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post #1 of 29 (permalink) Old 07-23-2008, 08:39 AM Thread Starter
 
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500R Rear Tire

Can somebody please look at the tire I'm running and give me some idea of how much lean angle it can take? I've leaned it pretty far but there have been a few times that were a little iffy, on whether or not it was coming back up imo. It's the best pic I could find, but look at how it's crazy narrow and also not rounded all the way like what you guys run. I'm trying to avoid trial and error on this one because it could be expensive. Is this thing made to really get used or not..?

http://i293.photobucket.com/albums/m...0603080717.jpg

Oh also, I saw something on the news about people using nitrogen instead of air to fill their tires.. It's supposed to hold air longer apparently because it doesn't contract and expand due to temperature. Any benefit/truth to this?

Last edited by RydeAddict; 07-23-2008 at 08:55 AM.
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post #2 of 29 (permalink) Old 07-23-2008, 09:17 AM
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There should be some info on the 'net about the lean angle for your tire. What is the brand/model/size?

Nitrogen inflation is popular in motorsports because it holds constant pressure (as you mentioned, doesn't expand/contract) so it is more consistent and predictable. As far as holding pressure longer, I think that would have more to do with the quality of the tire, though having a nearly constant pressure would probably extend the life of the tire (only slightly I'd imagine). I dunno. Ask the engineer. Vash?

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post #3 of 29 (permalink) Old 07-23-2008, 09:39 AM
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The whole Nitrogen thing is silly to me. Any value you might derive is probably not notable and unlikely to be worth the cost/effort required to get it put in.

As for lean angle, I used the slide method. When the bike began to slide more than it should either my speed was wrong or I was too far over. Haven't had that problem on this bike (with lean angle) but did on my old 500.

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post #4 of 29 (permalink) Old 07-23-2008, 09:54 AM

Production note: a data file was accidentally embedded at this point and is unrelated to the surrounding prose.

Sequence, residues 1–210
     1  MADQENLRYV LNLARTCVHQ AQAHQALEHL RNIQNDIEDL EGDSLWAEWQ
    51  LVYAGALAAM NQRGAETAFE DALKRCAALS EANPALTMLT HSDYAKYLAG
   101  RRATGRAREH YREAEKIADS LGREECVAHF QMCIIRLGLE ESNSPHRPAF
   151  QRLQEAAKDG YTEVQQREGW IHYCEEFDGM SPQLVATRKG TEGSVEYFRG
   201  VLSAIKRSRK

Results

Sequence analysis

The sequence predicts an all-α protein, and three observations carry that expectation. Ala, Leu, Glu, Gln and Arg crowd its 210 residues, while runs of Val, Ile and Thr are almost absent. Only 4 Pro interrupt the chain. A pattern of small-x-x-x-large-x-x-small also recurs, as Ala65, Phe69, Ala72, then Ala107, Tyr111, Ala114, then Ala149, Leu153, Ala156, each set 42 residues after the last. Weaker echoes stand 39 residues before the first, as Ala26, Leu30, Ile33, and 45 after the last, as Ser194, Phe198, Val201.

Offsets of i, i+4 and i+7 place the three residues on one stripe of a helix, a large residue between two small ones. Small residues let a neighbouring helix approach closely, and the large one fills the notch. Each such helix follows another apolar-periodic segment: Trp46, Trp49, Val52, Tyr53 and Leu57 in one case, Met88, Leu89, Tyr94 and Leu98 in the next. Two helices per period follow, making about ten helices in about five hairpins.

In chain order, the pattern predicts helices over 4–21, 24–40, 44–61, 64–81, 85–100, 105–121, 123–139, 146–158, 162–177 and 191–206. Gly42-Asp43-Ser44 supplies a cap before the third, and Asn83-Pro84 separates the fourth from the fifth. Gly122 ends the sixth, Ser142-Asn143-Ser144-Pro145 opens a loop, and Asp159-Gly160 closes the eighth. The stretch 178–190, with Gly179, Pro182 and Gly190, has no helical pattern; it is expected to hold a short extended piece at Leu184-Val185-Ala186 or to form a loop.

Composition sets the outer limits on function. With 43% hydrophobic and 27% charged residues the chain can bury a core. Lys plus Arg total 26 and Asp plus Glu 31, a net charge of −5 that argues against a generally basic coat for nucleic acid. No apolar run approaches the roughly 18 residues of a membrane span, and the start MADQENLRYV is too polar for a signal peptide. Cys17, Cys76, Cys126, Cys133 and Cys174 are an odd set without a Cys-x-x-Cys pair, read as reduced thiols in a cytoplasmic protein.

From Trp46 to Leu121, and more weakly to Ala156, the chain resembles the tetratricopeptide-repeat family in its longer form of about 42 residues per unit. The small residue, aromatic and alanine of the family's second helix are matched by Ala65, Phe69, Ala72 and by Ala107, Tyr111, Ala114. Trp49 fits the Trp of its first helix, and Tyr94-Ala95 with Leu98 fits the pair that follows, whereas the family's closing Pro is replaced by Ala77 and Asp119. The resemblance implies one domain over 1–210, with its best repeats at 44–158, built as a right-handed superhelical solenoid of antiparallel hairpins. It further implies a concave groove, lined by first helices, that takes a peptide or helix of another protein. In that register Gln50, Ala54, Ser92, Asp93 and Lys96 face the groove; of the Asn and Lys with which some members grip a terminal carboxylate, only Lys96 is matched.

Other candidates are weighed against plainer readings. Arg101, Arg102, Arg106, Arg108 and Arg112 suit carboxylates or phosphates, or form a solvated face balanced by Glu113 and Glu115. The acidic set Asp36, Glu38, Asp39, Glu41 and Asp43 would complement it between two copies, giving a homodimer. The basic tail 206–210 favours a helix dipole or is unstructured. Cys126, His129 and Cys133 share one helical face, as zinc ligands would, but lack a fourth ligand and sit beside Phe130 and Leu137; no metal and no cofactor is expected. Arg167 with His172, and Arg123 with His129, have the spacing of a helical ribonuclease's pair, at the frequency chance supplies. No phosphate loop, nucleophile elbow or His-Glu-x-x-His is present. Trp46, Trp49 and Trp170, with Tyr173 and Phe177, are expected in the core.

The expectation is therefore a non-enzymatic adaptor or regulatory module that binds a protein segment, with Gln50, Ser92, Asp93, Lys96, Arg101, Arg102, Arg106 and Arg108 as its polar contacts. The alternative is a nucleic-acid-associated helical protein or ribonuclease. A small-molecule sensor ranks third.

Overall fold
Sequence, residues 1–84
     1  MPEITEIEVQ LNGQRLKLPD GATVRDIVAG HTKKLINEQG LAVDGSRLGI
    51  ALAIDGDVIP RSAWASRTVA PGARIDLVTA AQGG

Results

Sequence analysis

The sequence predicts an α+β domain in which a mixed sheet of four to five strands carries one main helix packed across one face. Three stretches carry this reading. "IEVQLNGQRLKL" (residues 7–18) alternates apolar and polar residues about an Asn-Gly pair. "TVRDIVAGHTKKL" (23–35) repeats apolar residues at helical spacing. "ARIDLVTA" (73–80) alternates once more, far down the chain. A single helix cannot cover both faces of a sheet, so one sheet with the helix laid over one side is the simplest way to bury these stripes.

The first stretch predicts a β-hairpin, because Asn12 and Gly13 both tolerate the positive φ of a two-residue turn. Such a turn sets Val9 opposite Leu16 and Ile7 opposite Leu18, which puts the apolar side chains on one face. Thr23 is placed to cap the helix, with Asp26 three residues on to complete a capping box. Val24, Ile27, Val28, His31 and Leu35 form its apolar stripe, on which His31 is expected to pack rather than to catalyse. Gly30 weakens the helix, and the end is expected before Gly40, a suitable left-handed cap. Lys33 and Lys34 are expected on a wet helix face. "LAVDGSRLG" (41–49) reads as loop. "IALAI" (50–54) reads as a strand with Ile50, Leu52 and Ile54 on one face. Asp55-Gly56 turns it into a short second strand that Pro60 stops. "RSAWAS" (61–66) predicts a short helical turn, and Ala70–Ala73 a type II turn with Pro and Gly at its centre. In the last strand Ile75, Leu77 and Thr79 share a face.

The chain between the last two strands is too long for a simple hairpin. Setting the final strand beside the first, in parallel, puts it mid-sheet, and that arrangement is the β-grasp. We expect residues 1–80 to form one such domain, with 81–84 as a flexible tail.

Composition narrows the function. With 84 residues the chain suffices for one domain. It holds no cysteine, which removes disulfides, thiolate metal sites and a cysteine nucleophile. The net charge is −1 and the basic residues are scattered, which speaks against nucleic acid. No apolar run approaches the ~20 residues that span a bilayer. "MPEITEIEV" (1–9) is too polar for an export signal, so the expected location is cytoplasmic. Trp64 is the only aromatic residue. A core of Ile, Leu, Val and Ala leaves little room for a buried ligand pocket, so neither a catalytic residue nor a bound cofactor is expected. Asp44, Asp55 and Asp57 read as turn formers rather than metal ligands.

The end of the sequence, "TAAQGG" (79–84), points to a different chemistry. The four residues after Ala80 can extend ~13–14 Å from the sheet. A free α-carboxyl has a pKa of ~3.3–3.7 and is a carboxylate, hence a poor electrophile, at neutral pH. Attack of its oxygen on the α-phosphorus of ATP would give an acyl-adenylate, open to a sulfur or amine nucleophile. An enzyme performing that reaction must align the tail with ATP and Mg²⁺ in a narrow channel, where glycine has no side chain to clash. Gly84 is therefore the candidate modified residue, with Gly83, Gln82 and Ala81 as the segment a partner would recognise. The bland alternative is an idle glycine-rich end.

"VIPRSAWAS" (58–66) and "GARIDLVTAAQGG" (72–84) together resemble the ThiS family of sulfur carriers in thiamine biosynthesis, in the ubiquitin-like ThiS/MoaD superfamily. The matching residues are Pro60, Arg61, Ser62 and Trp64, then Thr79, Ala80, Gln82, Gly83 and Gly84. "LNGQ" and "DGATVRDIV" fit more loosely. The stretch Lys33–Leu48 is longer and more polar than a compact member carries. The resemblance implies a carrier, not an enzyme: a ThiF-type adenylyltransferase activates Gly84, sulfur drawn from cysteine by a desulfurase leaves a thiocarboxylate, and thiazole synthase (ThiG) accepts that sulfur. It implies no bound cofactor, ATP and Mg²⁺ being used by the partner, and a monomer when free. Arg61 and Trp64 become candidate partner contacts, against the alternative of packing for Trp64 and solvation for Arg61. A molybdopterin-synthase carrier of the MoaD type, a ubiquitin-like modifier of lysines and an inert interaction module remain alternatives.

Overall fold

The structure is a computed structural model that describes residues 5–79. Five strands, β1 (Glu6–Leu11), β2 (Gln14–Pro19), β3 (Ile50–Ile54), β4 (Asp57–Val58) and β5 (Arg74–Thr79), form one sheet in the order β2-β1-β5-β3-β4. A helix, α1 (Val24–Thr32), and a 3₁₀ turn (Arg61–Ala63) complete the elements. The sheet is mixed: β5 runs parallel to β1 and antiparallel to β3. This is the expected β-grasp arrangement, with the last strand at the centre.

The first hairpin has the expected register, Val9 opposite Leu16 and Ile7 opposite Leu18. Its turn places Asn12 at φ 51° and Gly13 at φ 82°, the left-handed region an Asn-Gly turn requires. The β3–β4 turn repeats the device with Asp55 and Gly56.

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The constant pressure is mostly crap!
Every gas contracts and expands with changes in temperature, and nitrogen is no exception. There is, however, one way that this can be true.

If the air in the tire is high in moisture content, than this moisture can evaporate into steam, or condense into water with changes in temperature. Under standard temperature and pressure, 18g of water makes 22.4L of steam, so its a fairly sizable difference. However, this difference starts getting negated quickly
1. Since the tires are pressurized, it takes a pretty damn high temperature to turn water into steam, much more than the standard 100C.
2. Only a very small percentage of the air is water
3. Most of the water in the air gets left in the bottom of the compressor tank
4. Many compressors have driers on them to take care of this extra moisture.

But really, its a damn sales gimmick, trying to stiff you for a few more bucks. It may make sense in professional racing, because its one less variable to worry about and whats a few more bucks when you have a couple of thouthand in even a crappy race team, but it makes no sense what so ever for the average roadracer.

As for the tire, take a picture from the back, so we can get a better idea.
Or, get a few friends, and ask them to lean the bike over (it will take at least two) while you stand behind and watch. Ask them to lean it over as far as they can, slowly, while you see which part of the tire contacts the ground. You will be able to see what the max lean angle the tires can support, it wont be as much as a sport tire, but believe me, it is waaaay out there, and I seriously doubt you are hitting it.

However, you can loose traction way before you run out of tread.



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post #5 of 29 (permalink) Old 07-23-2008, 09:57 AM